Is it reasonable to ask them not to have any opposite sex friends?

Oh my sweet Jesus God, no.
posted by jesourie at 3:20 AM on July 29, 2007


Ack. Are we really still debating this? I guess maybe each generation that enters the relationship stage of their lives has to grapple with this, but lordy...

It is absolutely and definitively unfair for any partner to try to eliminate, restrict, define or otherwise interfere with friendships. However, it is also the responsibility of each partner to make absolutely certain that no friendship becomes a point of confusion in the relationship. By confusion I mean situations that might make your partner uncomfortable with the level of intimacy (both physical and emotional) and degree to which this friendship might supercede the commitments of the partnership.

That means that it is not okay for me to be jealous of or try to eliminate the friendship that my S.O. has with a woman he met online before he met me. She is an important person in his life, and he is very fond of her. It also means that he needs to make it clear to her (and everyone else, for that matter) that I am #1 in his life, and his commitment to me is primary.

He has done that. I accept that she is a friend, that he ocassionally emails her, and has spoken to her by phone once when she was in a particularly awful personal crisis. He tells me about these things, although he is under no obligation to disclose each and every detail. He has other female friends, too. I've met several women he used to date. Each one has accepted me, and I them. It was very revealing to get to know the women he calls friends. It told me a lot about him.

Bottom line - I trust him.

I have my male friends, too. He's actually met a few of them, and knows that these guys have been 'enhanced friends' in the past. He is supremely confident in our relationship, and doesn't see my male friends as competition. (I guess it doesn't hurt that they helped us move into our new house! Any guy who will carry a sofa to help another guy can't be all bad, right?!)

Bottom line - he trusts me.

It's all about honesty, trust, commitment, and expectations. If you set your relationship expectations high, and insist that you be viewed as honest, trustworthy, and capable of serious commitment, and follow through with those behaviors - and expect the same behavior from your partner - you both should be able to find rich and rewarding friendships with each other, and that's the most important friendship of all.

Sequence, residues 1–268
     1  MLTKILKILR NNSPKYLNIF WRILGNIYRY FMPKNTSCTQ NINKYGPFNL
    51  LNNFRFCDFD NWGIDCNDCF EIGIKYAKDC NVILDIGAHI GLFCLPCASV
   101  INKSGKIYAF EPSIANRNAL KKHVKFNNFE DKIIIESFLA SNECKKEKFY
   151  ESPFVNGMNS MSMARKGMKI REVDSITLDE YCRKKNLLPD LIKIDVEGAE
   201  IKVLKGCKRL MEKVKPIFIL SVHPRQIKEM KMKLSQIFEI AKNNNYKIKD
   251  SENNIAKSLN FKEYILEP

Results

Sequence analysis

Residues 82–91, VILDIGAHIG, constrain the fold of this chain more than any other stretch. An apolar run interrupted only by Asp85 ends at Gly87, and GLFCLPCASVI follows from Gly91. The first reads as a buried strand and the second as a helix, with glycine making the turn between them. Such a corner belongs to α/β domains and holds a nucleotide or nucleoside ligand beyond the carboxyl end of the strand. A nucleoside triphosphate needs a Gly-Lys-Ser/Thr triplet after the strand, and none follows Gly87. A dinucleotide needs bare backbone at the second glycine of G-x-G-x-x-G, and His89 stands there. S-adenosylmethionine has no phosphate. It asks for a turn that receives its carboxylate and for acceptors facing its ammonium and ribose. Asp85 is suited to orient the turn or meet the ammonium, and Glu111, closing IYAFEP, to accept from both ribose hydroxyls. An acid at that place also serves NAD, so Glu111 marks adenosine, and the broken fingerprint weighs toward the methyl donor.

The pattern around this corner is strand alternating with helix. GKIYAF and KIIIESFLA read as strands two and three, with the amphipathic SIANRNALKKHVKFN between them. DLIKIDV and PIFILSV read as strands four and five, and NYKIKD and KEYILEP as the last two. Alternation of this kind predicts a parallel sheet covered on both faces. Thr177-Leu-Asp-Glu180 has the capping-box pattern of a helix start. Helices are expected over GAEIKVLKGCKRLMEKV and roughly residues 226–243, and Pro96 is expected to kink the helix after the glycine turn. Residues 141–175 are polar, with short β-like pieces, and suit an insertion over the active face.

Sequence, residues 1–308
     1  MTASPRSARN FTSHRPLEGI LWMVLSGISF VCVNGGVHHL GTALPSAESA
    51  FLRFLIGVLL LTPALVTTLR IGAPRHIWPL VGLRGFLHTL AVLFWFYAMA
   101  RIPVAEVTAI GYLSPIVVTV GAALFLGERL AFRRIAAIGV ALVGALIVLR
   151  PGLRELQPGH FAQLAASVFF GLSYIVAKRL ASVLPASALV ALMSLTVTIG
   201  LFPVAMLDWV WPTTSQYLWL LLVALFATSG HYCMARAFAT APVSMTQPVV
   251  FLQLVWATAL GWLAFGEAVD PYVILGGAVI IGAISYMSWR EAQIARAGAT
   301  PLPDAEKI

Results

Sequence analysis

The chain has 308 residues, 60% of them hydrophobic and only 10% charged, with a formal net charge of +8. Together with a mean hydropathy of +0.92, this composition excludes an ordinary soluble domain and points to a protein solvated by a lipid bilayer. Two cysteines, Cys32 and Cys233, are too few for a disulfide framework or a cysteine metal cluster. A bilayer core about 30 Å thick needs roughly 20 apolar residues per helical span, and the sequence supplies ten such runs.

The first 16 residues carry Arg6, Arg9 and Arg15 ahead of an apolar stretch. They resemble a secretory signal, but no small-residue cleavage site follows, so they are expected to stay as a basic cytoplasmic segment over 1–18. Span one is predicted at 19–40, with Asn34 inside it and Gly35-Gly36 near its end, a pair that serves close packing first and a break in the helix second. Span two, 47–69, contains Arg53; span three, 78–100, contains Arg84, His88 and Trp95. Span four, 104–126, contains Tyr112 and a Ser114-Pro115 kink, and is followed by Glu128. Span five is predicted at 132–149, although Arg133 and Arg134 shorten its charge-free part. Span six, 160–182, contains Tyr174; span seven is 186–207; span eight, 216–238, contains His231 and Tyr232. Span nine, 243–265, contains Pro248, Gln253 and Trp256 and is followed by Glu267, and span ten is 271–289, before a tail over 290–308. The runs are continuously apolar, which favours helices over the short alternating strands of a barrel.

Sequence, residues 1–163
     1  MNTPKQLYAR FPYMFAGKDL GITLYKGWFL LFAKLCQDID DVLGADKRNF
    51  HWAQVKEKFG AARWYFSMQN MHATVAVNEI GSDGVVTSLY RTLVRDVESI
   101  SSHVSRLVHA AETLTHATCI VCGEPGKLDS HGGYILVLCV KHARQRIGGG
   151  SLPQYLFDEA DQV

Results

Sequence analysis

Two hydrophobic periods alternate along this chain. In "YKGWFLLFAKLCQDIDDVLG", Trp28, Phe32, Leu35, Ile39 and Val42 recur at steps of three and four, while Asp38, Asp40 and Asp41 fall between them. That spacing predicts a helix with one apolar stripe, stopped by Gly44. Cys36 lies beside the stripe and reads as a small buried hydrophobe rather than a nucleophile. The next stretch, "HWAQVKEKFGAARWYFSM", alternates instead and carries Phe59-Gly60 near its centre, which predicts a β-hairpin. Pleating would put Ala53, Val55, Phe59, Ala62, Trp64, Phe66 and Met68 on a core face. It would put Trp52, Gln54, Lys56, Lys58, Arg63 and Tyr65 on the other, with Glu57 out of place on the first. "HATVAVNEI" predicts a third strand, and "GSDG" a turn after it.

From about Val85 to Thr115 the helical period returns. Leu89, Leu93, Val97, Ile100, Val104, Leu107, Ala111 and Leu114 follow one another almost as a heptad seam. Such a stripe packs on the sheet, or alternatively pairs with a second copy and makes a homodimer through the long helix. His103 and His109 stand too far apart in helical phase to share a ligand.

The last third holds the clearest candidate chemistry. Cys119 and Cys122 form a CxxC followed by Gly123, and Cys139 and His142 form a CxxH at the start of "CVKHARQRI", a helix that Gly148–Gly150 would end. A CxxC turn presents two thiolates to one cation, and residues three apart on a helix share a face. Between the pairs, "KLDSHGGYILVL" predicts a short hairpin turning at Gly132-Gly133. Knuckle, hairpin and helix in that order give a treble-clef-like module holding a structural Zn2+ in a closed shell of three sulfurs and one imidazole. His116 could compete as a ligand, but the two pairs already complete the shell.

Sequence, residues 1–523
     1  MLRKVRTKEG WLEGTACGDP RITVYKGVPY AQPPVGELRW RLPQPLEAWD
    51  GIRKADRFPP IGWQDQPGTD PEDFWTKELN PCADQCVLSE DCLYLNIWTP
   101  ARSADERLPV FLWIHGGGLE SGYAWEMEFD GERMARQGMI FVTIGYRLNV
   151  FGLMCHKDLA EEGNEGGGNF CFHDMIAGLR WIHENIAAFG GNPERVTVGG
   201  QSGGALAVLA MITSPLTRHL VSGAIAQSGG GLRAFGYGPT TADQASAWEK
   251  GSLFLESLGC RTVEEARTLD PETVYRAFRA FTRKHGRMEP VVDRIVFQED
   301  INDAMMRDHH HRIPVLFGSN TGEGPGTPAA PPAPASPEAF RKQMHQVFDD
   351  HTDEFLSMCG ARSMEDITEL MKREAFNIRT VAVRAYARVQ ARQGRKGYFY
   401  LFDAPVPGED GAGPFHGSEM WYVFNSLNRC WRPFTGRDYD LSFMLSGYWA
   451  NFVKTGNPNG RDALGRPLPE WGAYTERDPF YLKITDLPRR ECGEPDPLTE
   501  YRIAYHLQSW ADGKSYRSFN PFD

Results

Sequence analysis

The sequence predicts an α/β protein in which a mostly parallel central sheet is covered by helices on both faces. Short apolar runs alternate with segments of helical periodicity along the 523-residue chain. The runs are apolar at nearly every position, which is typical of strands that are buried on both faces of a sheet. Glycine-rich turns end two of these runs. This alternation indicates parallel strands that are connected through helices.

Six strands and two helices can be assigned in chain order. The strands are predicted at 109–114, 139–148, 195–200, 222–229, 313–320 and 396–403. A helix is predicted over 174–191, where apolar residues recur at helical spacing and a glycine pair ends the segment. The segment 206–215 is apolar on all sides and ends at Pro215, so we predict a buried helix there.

posted by Corky at 3:42 AM on July 29, 2007 [4 favorites]


Your girlfriend is being beyond unreasonable. You should be able to see that - she's asking you to break off all contact with all female friends and refrain from socialising with female co-workers!

Does she have any male friends? Is she giving up any socialisation with anyone of the opposite sex.

A relationship is about compromise not lack of independence. Your girlfriend was unhappy with your relationship with E and you broke off contact with E to please your girlfriend - that's a compromise, you give up a little of something you want to please her, you should expect the same in return. Removing all contact with the opposite sex is not a compromise, she is dictating who you can spend time with.

You'll probably have a lot of responses that say just dump her and quite frankly I'm amazed some of the people here can maintain a long term relationship, if that's their attitude to resolving problems in a relationship.

Don't dump your female friends, and if you want to talk to E, then do so. If she really cant accept it then she will leave, if she really loves you, she learn to deal with it. Trust is an important part of a relationship, she has to trust you, even if she thinks all your female friends are evil seductresses, trying to steal you away from her.
posted by missmagenta at 3:52 AM on July 29, 2007


Not reasonable!

The next logical step would be to ask you to find a job somewhere where there are no female co-workers - otherwise you'd have to talk to them, have meetings, possibly business lunches (with female third parties), phone calls and heaven forbid you might actually have a laugh with each other at work! You get the idea....

She's got to either learn to trust you or find somebody who likes being controlled!
posted by koahiatamadl at 3:58 AM on July 29, 2007


I was gonna chime in, but it would be more like a pile-on at this point.

I believe that any long-term relationship with someone who controls or even defines that relationship by restricting your life.... is a BAD long-term relationship. A little bit insecure or jealous can be cute, even endearing, but your example is ridiculous. 'Beyond the pale', indeed.

Or, basically, what (everyone else) said above.
posted by rokusan at 3:59 AM on July 29, 2007


And (fuck I just can't help myself), the whole pressure of that "must not be unfaithful, must not speak with, look at or even THINK about other women..." thing...

Do people not realize this is what makes the whole infidelity thing so damn appealing in the first place? If infidelity was an industry, that kind of controlling jealousy would be the market driver.

Nobody ever gets the point of that whole Adam and Eve story, I guess.
posted by rokusan at 4:02 AM on July 29, 2007


I don't really want to set a precedent that makes me feel that way, again.

Too late. You set one when you stopped talking to E. You need to stand up for yourself, now, or you'll end up with a big knot of resentment.